The appeal concerns the lawfulness of a bus company’s policy in relation to the use of the space provided for wheelchair users on its buses. Mr Paulley is a wheelchair user who attempted to board a bus operated by a subsidiary of FirstGroup PLC on 24th February 2012. The bus had a space marked by a wheelchair sign and a notice saying, “Please give up this space for a wheelchair user” (“the Notice”). At the time Mr Paulley attempted to board, a woman with a sleeping child in a pushchair occupied this space. She was asked by the driver to fold down the chair and move; however, she refused, stating that it did not fold down. Mr Paulley had to wait for the next bus as a result.
Mr Paulley issued proceedings against FirstGroup for unlawful discrimination on the ground of his disability, claiming that FirstGroup had failed to make “reasonable adjustments” to its policies contrary to section 29(2) of the Equality Act 2010. The Recorder found that FirstGroup operated a “provision criterion or practice” (“PCP”) consisting of a “policy… of ‘first come first served’… whereby a non-wheelchair user occupying the space on the bus would be requested to move, but if the request was refused nothing more would be done.” This placed Mr Paulley and other wheelchair users at a substantial disadvantage by comparison with non-disabled passengers. There were reasonable adjustments that FirstGroup could have made to eliminate the disadvantage: (i) altering the Notice positively to require non-disabled passengers occupying a space to move if a wheelchair user needed it; and (ii) adopting an enforcement policy requiring non-disabled passengers to leave the bus if they failed to comply. The Recorder found in favour of Mr Paulley and awarded him £5,500 damages. FirstGroup’s appeal was unanimously allowed by the Court of Appeal which held that it was not reasonable to hold that FirstGroup should adjust its policy so that its drivers required, rather than requested, non-wheelchair users to vacate a space when it was needed by a person in a wheelchair, and then to positively enforce that requirement with the ultimate sanction being removal from the bus.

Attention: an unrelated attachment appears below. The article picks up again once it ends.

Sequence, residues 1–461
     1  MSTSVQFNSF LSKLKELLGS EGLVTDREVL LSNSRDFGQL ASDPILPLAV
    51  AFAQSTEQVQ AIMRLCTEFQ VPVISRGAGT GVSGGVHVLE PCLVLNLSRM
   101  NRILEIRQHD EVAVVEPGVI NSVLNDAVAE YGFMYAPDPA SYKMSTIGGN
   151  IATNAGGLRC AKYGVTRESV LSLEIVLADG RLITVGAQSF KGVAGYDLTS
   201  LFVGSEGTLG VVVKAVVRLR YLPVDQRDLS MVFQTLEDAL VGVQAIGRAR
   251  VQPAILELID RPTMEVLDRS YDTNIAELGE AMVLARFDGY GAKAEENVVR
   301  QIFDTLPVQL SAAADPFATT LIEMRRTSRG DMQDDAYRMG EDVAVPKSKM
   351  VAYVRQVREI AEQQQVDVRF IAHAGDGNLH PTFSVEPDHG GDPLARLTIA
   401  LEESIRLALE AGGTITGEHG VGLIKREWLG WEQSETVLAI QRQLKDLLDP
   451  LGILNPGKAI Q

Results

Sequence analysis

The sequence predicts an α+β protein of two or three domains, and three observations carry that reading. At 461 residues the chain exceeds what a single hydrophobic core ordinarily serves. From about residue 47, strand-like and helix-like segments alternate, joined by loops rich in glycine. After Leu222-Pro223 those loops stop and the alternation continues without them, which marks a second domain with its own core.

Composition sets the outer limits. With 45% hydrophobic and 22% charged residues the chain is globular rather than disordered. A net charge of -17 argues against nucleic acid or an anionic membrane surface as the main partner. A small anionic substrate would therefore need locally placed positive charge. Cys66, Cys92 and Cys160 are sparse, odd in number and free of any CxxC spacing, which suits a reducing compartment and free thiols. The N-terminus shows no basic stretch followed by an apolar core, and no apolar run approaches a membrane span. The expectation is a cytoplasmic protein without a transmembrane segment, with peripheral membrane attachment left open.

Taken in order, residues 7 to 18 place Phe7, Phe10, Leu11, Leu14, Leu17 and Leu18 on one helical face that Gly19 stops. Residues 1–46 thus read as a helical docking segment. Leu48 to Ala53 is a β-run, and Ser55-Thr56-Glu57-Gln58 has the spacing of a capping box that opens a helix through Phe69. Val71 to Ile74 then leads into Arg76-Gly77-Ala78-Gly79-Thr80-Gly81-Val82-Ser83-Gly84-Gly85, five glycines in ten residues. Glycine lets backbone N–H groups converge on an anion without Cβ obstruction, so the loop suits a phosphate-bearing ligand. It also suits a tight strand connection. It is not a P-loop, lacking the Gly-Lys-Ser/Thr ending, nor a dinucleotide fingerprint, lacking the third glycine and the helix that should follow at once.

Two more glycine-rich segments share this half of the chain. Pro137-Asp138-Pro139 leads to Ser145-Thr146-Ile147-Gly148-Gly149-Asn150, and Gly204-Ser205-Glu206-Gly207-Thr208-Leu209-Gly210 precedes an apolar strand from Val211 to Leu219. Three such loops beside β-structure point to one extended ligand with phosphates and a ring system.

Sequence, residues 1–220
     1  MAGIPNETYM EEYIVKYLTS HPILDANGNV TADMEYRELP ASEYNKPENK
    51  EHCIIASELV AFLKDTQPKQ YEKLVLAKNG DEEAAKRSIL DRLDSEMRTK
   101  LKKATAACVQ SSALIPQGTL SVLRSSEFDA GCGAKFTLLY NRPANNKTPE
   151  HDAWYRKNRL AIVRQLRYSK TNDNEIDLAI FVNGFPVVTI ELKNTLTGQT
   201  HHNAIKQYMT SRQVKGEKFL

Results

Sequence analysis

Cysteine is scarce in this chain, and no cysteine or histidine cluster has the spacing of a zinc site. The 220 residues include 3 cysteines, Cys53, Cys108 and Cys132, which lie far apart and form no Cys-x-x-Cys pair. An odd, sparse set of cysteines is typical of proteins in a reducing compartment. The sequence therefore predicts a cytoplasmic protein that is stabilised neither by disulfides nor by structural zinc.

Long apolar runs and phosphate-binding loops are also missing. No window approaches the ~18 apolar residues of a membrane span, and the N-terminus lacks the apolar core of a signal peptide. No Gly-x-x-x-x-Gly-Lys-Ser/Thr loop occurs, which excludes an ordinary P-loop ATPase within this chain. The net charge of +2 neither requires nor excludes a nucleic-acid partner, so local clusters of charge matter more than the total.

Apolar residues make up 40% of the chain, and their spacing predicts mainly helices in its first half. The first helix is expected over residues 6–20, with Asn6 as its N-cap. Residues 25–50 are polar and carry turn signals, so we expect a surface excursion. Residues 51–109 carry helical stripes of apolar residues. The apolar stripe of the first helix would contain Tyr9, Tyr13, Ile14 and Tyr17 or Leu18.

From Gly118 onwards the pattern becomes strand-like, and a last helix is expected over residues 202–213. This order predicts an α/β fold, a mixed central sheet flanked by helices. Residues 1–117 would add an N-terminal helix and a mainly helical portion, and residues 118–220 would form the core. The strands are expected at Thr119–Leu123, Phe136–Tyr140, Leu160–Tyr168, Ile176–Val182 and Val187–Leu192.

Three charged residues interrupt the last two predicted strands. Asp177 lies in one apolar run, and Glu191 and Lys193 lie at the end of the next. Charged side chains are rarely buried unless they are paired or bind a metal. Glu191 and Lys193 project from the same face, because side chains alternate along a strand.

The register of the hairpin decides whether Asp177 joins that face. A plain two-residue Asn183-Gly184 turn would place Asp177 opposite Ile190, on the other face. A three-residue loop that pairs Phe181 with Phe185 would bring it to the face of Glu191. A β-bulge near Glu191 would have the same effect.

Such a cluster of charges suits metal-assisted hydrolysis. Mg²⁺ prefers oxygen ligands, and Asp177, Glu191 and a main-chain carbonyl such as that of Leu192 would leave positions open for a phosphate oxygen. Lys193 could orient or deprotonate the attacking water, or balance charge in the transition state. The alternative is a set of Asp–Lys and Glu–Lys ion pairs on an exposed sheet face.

The Supreme Court unanimously allows Mr Paulley’s appeal, albeit only to a limited extent.
Lord Neuberger gives the lead judgment (with which Lord Reed agrees) allowing the appeal but only to the extent that FirstGroup’s policy requiring a driver to simply request a non-wheelchair user to vacate the space without taking any further steps was unjustified. Where a driver who has made such a request concludes that a refusal is unreasonable, he or she should consider some further step to pressurise the non-wheelchair user to vacate the space, depending on the circumstances. Lord Toulson and Lord Sumption write concurring judgments. On the issue of the order to be made, this majority declines to uphold an award of damages. Lady Hale, Lord Kerr and Lord Clarke also allow the appeal but they would have restored the order of the Recorder in full, including upholding the award of damages.
Under section 29 of the 2010 Act, as a “public service provider”, FirstGroup must not discriminate against a person requiring its services by not providing the person with the service, and it must make “reasonable adjustments” to avoid substantial disadvantage to disabled persons [20-26].